I often wonder if my taxes would be lower if conservative politicians and figureheads spent just a little bit more time focusing on tax reform than they do on gay reform. Sodomy laws? How is that even a priority? Those kinds of laws overstep the bounds of a limited government that most conservatives should support. Let's focus on the things that should matter, shall we people?

A good post. Let's ponder it:

You and I are concerned about the growth of government, and taxes, the welfare state, etc. We see the sodomy stuff as less important, even if we think that the left is trying to destory our culture throught it, and even if we don't care what two men do in their own home, we don't want it pushed on our kids.

So what to make of the culture wars? We could say "screw it" and cave in - taxes and government size are more important. The other argument would be that we can't win the tax and spending war without a majoritym, and by standing up for traditional values we win congressional seats. After all, I think it is the gay marriage ban in Ohio that pushed Bush over the top in '04.

The problem, of course, is that what has happend is that that while we have done well on the culture wars and gained power from them, the GOP has been the worst spenders in history.

Does that mean that we abandon the culture wars? I don't know. They are important to me, however, I think that ultimately the size of government is the most important issue. I.E. it is a large government that not only reduces wealth, but also solidifies in everyones mind that it is ok to use the government to push personal preferences.

Take a look at Tom Delay, the once conservative hero...once W was elected he abandoned the spending and welfare issue in favor of the culture and pork issues to try to create a permenant GOP majority. The result was bad. Once he decided to retire, he turned into his old self (if you heard him on Savage the other day).

So what do we do? Do we give up the gay marriage and similar issues in order to focus on spending?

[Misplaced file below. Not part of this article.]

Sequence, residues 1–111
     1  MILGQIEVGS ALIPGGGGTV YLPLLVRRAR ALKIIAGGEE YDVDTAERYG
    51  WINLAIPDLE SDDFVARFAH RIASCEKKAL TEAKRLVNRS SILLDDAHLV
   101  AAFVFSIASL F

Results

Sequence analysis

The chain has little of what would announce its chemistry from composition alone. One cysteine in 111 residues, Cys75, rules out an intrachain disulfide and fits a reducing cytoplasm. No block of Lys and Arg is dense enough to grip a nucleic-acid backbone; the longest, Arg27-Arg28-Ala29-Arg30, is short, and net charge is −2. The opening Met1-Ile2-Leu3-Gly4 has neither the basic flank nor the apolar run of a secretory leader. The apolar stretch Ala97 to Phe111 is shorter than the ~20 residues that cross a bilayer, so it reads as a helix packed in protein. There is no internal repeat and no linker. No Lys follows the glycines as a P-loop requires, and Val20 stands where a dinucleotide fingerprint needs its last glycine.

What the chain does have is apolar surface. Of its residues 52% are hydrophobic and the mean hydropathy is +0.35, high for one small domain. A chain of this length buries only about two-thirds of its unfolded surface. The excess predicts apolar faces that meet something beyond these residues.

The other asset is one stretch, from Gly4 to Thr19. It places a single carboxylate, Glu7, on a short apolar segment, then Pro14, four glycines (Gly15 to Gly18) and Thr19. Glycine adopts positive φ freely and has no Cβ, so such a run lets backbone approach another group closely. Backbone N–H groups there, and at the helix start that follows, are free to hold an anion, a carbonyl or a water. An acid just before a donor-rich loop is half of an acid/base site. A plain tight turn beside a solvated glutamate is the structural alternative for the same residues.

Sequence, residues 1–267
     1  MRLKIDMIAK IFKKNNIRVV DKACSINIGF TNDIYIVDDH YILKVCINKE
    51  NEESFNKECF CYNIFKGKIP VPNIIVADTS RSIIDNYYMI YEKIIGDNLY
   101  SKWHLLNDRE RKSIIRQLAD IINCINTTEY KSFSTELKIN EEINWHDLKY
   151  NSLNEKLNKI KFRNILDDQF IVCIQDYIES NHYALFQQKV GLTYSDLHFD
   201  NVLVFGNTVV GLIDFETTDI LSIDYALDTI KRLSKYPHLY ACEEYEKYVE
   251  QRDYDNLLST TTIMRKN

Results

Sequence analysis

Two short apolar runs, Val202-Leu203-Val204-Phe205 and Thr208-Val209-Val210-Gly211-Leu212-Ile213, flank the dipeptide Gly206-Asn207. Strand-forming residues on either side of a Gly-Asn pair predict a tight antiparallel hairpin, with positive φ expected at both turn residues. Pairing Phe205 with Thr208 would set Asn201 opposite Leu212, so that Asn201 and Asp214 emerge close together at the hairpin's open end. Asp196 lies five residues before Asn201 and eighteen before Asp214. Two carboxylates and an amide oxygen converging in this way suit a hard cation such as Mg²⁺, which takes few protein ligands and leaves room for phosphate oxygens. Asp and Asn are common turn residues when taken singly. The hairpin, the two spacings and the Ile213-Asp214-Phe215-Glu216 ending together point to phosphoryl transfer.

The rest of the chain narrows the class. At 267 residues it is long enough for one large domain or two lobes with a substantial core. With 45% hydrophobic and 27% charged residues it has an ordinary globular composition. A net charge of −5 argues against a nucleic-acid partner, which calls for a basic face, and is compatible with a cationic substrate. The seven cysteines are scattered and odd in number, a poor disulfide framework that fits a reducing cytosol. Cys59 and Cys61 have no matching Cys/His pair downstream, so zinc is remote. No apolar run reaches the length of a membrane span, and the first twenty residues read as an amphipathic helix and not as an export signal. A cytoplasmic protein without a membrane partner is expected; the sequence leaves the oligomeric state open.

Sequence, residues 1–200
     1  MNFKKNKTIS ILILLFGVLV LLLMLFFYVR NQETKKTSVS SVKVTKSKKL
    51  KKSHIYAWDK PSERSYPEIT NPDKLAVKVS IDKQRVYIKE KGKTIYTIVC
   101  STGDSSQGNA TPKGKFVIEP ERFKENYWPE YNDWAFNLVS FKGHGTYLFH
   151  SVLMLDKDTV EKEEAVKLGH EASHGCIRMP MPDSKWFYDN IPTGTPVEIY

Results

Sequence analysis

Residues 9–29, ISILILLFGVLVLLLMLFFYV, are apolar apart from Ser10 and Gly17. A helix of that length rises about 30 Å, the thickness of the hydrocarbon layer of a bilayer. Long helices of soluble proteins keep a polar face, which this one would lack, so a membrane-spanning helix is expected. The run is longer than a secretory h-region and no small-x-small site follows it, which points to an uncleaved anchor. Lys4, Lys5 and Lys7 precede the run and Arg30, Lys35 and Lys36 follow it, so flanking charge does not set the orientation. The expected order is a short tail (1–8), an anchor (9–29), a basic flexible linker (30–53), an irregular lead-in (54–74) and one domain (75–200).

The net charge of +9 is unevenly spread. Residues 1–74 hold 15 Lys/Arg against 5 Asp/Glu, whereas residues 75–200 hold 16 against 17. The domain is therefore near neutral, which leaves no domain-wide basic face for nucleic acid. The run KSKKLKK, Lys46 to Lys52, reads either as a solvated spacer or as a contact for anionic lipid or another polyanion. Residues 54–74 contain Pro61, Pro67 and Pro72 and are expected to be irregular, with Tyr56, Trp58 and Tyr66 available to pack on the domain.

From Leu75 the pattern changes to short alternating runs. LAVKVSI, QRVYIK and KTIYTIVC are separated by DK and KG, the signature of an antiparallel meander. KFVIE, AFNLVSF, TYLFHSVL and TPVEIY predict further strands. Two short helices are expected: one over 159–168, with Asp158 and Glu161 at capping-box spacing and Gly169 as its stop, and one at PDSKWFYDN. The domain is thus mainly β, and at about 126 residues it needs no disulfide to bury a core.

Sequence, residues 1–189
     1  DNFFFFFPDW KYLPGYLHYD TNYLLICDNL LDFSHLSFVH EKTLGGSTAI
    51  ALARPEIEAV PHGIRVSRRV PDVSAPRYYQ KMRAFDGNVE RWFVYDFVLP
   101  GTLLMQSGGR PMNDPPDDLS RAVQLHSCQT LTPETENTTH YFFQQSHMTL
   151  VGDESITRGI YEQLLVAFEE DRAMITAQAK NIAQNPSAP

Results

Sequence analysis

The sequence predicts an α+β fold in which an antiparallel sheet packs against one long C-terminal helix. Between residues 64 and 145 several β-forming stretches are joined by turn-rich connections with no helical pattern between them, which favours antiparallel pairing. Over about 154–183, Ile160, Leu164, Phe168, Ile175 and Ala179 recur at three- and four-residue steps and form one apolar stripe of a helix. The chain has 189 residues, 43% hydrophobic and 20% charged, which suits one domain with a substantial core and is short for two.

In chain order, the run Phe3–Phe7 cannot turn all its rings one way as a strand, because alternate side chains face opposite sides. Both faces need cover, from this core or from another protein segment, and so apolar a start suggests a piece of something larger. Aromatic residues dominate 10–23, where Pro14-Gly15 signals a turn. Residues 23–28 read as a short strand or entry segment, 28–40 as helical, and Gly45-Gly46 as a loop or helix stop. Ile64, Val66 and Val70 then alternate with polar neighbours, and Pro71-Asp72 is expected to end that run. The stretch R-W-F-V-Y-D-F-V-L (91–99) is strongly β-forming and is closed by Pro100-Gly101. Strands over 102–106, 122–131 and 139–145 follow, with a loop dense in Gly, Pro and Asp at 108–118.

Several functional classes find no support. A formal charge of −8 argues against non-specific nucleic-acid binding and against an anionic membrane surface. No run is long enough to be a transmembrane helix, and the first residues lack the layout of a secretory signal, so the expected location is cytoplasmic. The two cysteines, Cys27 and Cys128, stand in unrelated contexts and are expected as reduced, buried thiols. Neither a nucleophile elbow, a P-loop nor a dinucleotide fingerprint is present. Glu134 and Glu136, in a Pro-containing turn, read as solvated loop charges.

If the GOP used its power to reduce spending, I would be all for the culture wars to preserve that power.

However, the GOP has not done that. Instead, we are left with two parties: Both favor big government. mOne believes in traditional values, the other is run by a bunch of perverts.

What is the answer? I don't know.

10 posted on 04/11/2006 6:11:57 PM PDT by Rodney King (No, we can't all just get along.)
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To: Grebrook
Let's focus on the things that should matter, shall we people?

Try DU.

11 posted on 04/11/2006 6:31:34 PM PDT by DBeers ()
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To: Grebrook

Marriage Protection and sodomy laws are two separate issues!

And the majority of people in this country feel very strongly the a marriage amendment IS important and matters very much!

Not that THIS matters, but taxes are indeed influenced by homosexual rights and hate crimes laws! Which begin with all the issue of homosexual marriage.


12 posted on 04/11/2006 6:58:36 PM PDT by gidget7 (PC is the huge rock, behind which lies hide!)
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To: Grebrook

If homosexual activists let things alone, no one would be worrying about sodomy laws or "gay" marriage.

They're the ones who brought the subjects up, or out of the closet. Do you advocate letting them have their way with society, then?


13 posted on 04/11/2006 8:50:24 PM PDT by little jeremiah (Tolerating evil IS evil.)
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To: Grebrook